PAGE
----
The Silverstone ticket prices have become a contentious point of discussion this year following their ticket release last week on 11th April. The prices that people were being charged was met with an onslaught of criticism and disbelief given the stark jump in costs over the past year. Many were quick to point out the ridiculous cost of the pit walk but the worst was yet to come. Silverstone have released their final batch of tickets this morning at 10am, giving rise to a frenzied scramble for the final few tickets for the 2023 Grand Prix. If this were last year I would say that the prices for a simple general admission ticket were ludicrous but considering the extortionate costs that the circuit has introduced this year, a 3-day general admission ticket for £499 falls perfectly in line with the ever-increasing costs of Formula 1. With many voicing their complaints over ticket prices, can the average fan even afford to attend a race anymore? And will these pleas for a change fall on deaf ears?
When analysing the costs of Formula 1 in 2023, I thought a good point to start would be to look at the latest circuits that have been added to the calendar and how they have been priced as their ticket prices provide us with the most up to date valuation of how much Formula 1 think the price of attending a race should be. The average cost of a general admission ticket for the Miami GP is $590 whilst Vegas tickets come in slightly cheaper at $500. In comparison to Silverstone this works out to a similar price but it should be noted that this is the starting point for these new races and as they are in their infancy I’m certain the ticket prices will see a steady increase as the years go on. Unlike Silverstone, these races don’t have many retrospective prices to be compared to if at all, whilst Silverstone has been a staple on the F1 calendar since 1950 and so it’s much easier to see the surge in costs. This has caused an outcry as many have compared the costs that they previously paid to the figures seen this year and simply cannot make sense of why the ticket prices have shot up so much.
The introduction of dynamic pricing is what has lead to the widespread upset of many fans as they found that the initial price listed for a ticket had skyrocketed by the time they had reached their turn to book tickets, this is no doubt an effective marketing ploy from Formula 1 but it definitely has not gone down well with the fanbase. The recent explosion of the sport over the past few years has naturally increased the global interest in F1 and the sport has capitalised off of this popularity for financial gain. Now, if we’re being fair this is not an F1 problem it’s just how business works, as the market grows so does the potential profit. The expectation for the sport to remain loyal to its dedicated supporters would be nice but it’s in no way realistic. This is also Formula 1 that we’re talking about, the sport that is known as the ‘billionaire boys club’ who at their heart have always been driven by money and always will be. With the sport now going mainstream and picking up in the US like it never has before I can’t see these prices slowing down any time soon, the demand has become much greater meaning that the sport is able to control the supply and charge whatever they see fit. Although the sport has never really strayed too far from its roots of luxury and exclusivity, the broader access that has been granted to fans in the modern era made it look as though it was taking steps forward. There is no denying that Liberty Media have done a stellar job in making the sport more appealing to a newer, younger audience but ultimately F1 will always be a sport for the rich.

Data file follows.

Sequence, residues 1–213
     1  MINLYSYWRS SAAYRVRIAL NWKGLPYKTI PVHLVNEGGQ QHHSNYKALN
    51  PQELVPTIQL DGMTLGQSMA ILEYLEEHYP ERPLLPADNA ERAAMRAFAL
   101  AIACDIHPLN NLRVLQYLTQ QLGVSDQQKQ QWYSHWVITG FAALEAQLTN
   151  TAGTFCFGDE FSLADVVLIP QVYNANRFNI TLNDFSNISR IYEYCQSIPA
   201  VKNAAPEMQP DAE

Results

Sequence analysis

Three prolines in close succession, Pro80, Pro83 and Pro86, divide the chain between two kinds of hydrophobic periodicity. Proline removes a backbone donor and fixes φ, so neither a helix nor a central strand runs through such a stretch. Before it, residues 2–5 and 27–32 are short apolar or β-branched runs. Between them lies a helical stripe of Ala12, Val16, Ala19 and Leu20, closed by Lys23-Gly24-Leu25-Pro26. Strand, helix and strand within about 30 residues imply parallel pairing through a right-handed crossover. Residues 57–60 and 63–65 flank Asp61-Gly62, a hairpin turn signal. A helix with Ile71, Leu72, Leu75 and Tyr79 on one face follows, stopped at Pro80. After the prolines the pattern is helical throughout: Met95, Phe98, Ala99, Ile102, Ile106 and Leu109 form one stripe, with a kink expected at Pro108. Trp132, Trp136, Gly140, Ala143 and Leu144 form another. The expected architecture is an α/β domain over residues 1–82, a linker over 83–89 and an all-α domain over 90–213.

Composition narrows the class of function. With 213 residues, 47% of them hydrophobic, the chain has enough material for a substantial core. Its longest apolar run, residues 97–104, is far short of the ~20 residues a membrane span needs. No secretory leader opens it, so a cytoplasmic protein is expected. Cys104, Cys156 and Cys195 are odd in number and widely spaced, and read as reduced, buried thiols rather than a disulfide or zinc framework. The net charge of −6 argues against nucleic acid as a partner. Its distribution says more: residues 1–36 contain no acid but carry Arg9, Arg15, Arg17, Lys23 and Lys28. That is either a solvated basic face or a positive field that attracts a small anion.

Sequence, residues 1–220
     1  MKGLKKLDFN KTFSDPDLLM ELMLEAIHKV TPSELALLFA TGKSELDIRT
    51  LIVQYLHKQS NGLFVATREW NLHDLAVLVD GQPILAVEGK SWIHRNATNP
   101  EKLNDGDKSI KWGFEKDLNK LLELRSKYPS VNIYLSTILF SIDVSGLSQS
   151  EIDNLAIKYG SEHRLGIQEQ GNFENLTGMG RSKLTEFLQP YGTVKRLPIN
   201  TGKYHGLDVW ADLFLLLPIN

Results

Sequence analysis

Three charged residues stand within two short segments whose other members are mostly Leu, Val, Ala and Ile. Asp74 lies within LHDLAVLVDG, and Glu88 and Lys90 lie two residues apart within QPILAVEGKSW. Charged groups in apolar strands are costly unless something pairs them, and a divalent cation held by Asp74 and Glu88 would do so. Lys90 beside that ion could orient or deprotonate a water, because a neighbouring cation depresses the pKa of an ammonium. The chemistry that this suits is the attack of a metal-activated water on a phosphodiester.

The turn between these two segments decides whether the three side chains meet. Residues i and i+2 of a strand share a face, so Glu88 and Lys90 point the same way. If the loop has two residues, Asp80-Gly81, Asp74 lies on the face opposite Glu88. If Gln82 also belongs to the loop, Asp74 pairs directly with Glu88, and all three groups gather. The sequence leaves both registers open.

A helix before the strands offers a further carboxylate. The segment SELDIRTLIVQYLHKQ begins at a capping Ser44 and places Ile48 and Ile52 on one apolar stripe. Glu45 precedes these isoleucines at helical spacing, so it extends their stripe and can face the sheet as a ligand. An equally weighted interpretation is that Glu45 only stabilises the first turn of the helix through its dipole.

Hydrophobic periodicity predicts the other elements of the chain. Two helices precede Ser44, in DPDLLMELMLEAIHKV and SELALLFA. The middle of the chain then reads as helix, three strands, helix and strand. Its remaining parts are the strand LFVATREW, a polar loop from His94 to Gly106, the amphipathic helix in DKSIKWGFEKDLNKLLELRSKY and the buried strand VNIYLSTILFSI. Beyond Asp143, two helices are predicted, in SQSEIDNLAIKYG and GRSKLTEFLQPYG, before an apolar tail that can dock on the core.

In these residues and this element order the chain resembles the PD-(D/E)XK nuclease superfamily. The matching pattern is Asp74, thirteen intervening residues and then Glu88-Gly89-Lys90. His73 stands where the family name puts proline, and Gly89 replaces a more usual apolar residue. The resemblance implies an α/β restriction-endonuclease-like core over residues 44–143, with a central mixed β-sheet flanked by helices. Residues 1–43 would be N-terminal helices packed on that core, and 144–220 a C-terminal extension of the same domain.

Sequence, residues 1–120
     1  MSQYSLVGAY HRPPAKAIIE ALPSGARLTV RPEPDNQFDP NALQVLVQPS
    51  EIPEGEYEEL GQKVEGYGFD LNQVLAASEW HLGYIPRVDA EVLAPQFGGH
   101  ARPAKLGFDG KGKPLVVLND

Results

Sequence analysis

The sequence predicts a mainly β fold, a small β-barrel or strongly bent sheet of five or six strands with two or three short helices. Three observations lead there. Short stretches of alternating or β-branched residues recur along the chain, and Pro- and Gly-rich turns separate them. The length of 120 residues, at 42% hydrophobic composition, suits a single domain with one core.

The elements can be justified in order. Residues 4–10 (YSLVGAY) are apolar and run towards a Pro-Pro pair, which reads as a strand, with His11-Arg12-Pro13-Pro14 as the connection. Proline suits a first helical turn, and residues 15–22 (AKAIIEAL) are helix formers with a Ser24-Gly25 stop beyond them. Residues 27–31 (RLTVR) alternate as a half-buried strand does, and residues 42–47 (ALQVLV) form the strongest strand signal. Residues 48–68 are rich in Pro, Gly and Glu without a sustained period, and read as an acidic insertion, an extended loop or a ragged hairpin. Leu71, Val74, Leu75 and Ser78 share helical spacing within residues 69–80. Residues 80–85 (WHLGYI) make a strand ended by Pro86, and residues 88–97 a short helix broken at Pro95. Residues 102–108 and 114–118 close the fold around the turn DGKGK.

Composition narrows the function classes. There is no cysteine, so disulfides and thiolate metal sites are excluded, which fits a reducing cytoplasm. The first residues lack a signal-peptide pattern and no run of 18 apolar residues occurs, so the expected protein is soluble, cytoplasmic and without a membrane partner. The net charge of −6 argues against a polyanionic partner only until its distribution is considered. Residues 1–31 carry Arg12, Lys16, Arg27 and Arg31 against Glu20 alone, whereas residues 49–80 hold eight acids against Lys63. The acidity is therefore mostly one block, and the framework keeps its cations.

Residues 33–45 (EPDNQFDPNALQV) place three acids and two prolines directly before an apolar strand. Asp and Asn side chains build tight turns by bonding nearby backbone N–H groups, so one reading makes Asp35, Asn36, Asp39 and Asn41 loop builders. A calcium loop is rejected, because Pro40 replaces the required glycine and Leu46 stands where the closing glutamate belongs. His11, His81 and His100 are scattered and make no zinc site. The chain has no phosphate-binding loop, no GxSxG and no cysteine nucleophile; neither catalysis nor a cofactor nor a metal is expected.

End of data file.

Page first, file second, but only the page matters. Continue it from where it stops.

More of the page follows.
The final question left is when will F1 draw the line on what is too much, in my opinion they won’t. Formula 1 have introduced a Las Vegas package for $5 million and this perfectly encapsulates the mood of the sport and the direction it’s heading in. I’m not saying that this will become a regular occurrence as every race, as Vegas has been marked as a spectacle of opulence, but it does show that the sport is willing to squeeze as much as they can out of those who are willing to pay and there will always be someone who is willing to pay. Formula 1 are aware that they can hike their prices up as much as they want as there will always be an audience for whatever they put out, sure this may alienate the average F1 fan, but with the sport drawing in new fans everyday who would do anything to attend a race they can be sure that they will not run out support. Personally I don’t think there will ever come a time where enough fans band together to make a big enough financial impact on the sport to create a change. We’ve seen multiple examples of fans being in disagreement with the sport, such as the now infamous ‘race’ at Spa 2021 in which fans were denied a race and despite calls from drivers for the fans the be refunded they were not. Similarly, there was much disapproval with F1’s decision to race in Saudi Arabia, especially after the missile strike last year, but nothing has changed and F1 have in fact managed to grow even more fans since these events.
If we’re being completely honest, this sport has always been an expensive one and that will never change. The pinnacle of motorsport maintains its prestige by upholding the feeling of luxury and elitism. As regular fans, we many get a glimpse behind the scenes but this shouldn’t be confused with F1 prioritising the average fans over money. That’s not to say that this is the right approach, but it works for the sport and I can’t see it changing any time soon regardless of how you feel about it.